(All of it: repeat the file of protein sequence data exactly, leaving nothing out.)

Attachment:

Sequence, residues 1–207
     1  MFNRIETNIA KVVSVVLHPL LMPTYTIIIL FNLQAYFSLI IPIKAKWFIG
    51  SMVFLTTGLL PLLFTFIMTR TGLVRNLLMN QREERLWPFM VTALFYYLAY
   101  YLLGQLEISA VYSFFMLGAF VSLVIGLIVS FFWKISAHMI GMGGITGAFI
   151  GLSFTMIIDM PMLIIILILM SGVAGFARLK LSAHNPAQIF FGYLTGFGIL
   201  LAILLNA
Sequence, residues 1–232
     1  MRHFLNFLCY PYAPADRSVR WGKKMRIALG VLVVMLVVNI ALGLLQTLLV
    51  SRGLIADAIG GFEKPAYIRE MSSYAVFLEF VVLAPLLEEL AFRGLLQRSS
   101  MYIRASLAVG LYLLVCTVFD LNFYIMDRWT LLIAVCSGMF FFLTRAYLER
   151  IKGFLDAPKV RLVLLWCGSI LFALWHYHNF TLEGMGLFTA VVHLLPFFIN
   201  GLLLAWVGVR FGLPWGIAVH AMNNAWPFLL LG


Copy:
Sequence, residues 1–207
     1  MFNRIETNIA KVVSVVLHPL LMPTYTIIIL FNLQAYFSLI IPIKAKWFIG
    51  SMVFLTTGLL PLLFTFIMTR TGLVRNLLMN QREERLWPFM VTALFYYLAY
   101  YLLGQLEISA VYSFFMLGAF VSLVIGLIVS FFWKISAHMI GMGGITGAFI
   151  GLSFTMIIDM PMLIIILILM SGVAGFARLK LSAHNPAQIF FGYLTGFGIL
   201  LAILLNA
Sequence, residues 1–232
     1  MRHFLNFLCY PYAPADRSVR WGKKMRIALG VLVVMLVVNI ALGLLQTLLV
    51  SRGLIADAIG GFEKPAYIRE MSSYAVFLEF VVLAPLLEEL AFRGLLQRSS
   101  MYIRASLAVG LYLLVCTVFD LNFYIMDRWT LLIAVCSGMF FFLTRAYLER
   151  IKGFLDAPKV RLVLLWCGSI LFALWHYHNF TLEGMGLFTA VVHLLPFFIN
   201  GLLLAWVGVR FGLPWGIAVH AMNNAWPFLL LG